- The government of Malawi is building measures into all facets of public policy against HIV/AIDS in an effort to stem the spread of the virus and improve treatment and care for the estimated 14 percent of its population living with the deadly disease.
A national policy Malawi's President Bakili Muluzi launched earlier this month in Blantyre would require legislative changes to promote prevention and better protect those living with HIV/AIDS, including invalidating infection as grounds for job dismissal and offering tax incentives for employers who provide comprehensive HIV/AIDS programmes.
The UN development agency, UNDP, today hails the Malawian government's HIV/AIDS programme. The UN agency had, in particular, noted President Muluzi's personal engagement in the fight against the pandemic. The two UN agencies UNAIDS and UNDP have provided technical and financial support for the National AIDS Commission for preparation of the policy.
Only recently, President Muluzi had urged Malawians to go for voluntary HIV testing and counselling as he had, noting that so far only 3 percent have done so, UNDP reports from Malawi. The President had also called for openness, including disclosing AIDS as a cause of death, to reduce the social stigma.
- Let us come out in the open, said Mr Muluzi. "My young brother Dickson, who died two years ago, died of HIV/AIDS. We can only tackle the problem if we are open. It is a serious problem. Why hide it?"
Several UN agencies are working to fight AIDS in the region. UNAIDS Executive Director Peter Piot recently said that his agency is fully committed to ensuring that access to effective HIV treatment becomes a worldwide reality. UNAIDS, working with the World Health Organisation (WHO), is campaigning to put at least three million HIV positive people in developing countries on anti-retroviral treatment by 2005.
Mr Piot noted that HIV prevention is bearing fruit among young people, with HIV infection rates falling. "These efforts need to be redoubled to ensure that our children remain HIV-free," he said, urging everyone to "stick to ABC - abstinence, be faithful and use a condom." He commended President Muluzi for leading the response to the epidemic, making it the country's number one challenge.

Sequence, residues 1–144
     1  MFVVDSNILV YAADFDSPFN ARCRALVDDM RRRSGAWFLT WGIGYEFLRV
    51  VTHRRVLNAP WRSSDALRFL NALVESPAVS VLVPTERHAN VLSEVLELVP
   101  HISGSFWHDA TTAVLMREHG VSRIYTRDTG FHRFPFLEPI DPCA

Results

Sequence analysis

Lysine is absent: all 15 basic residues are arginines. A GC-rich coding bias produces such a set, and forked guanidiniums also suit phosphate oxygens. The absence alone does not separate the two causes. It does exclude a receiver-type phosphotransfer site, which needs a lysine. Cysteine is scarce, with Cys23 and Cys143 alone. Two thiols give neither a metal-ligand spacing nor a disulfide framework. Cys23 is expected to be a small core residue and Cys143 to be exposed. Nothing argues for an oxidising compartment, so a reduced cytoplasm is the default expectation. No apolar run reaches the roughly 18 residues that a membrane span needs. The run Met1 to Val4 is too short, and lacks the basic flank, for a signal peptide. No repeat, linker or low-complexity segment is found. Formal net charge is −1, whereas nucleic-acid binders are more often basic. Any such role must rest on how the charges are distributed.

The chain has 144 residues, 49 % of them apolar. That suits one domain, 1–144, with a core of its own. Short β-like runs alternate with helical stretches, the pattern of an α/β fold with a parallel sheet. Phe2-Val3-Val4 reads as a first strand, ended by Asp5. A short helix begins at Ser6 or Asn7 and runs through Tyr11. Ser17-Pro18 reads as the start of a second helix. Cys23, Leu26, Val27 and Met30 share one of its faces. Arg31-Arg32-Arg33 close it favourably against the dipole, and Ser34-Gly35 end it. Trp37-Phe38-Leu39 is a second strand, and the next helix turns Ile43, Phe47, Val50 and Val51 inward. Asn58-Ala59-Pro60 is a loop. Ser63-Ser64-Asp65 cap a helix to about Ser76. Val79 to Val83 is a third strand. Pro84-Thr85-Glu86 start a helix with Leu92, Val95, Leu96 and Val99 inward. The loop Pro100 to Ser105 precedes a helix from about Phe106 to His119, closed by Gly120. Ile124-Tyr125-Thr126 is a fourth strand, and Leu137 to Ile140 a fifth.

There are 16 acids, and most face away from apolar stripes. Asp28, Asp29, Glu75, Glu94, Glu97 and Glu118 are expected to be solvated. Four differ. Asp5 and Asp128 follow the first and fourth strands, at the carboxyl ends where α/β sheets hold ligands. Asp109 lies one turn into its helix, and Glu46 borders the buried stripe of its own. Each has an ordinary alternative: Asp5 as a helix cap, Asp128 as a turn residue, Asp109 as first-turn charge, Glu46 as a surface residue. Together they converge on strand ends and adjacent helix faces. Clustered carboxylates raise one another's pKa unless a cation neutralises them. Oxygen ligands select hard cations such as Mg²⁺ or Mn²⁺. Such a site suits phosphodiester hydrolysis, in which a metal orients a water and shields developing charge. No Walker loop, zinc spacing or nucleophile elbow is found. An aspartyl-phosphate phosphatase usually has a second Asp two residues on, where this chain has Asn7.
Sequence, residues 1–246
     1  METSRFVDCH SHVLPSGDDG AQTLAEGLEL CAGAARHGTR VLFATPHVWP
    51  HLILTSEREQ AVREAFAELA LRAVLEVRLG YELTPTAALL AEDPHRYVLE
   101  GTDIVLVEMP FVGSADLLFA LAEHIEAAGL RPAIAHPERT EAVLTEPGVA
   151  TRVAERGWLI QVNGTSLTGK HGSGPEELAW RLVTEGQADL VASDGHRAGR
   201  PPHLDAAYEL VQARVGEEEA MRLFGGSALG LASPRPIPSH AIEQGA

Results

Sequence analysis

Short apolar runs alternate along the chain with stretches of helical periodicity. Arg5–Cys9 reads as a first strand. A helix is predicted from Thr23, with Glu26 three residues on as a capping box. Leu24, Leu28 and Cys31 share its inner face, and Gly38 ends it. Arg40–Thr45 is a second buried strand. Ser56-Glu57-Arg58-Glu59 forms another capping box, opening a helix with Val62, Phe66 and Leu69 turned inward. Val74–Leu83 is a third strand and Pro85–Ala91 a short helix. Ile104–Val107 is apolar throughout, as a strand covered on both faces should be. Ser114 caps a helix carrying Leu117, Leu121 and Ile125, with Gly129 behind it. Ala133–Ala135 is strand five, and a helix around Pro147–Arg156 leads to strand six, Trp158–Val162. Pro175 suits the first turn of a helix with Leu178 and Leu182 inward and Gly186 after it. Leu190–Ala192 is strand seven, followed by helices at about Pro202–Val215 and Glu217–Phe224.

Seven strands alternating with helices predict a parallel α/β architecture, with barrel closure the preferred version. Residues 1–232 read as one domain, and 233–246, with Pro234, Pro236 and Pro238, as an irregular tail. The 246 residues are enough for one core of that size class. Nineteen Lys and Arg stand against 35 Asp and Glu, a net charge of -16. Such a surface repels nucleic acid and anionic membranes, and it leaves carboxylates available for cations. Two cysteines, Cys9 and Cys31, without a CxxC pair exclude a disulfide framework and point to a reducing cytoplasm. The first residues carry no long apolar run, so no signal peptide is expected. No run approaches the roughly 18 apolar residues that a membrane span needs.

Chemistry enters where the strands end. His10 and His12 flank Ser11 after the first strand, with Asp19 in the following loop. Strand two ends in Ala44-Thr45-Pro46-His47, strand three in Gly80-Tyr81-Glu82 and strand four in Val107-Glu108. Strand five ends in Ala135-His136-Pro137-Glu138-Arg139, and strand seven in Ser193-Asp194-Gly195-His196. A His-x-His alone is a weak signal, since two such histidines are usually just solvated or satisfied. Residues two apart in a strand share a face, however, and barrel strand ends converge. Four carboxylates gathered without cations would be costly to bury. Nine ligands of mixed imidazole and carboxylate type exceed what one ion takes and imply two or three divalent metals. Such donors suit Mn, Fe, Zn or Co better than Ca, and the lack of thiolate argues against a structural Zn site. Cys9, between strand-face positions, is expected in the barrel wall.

The Malawian President pointed out the need to revise or repeal a number of laws to implement the policy and protect the rights of people living with HIV/AIDS. He has asked the Minister of Justice and the Law Commission to review to criminal, labour, public health, customary marriage and divorce and taxation laws.
President Muluzi noted, for example, that the policy calls for amending the Employment Act to include HIV status among the reasons that do not constitute valid grounds for dismissal.
Janet Kayuni, chairperson for the Youth Council and a law student at the University of Malawi, told UNDP that existing legislation to protect children and young people against abuse, harassment and exploitation needs to be strengthened and enforced to ensure that the policy is effective. Many girls, especially orphans, are sexually abused by their guardians and even teachers, she asserted.
Ms Kayuni told the UN agency that very few young Malawians have access to sexual and reproductive health information, education and services appropriate for their age and needs. She added that young people have been denied the right to "full participation on matters affecting them," and urged that the new policy involve them fully.
In the past three years, the HIV infection rate among Malawians 15 to 24 has stabilised at about 14 percent, according to national statistics. Only 2 percent of children ages 5 to 14 are HIV positive, a prevalence Ms Kayuni described as a "window of hope" for an HIV-free country in the future.
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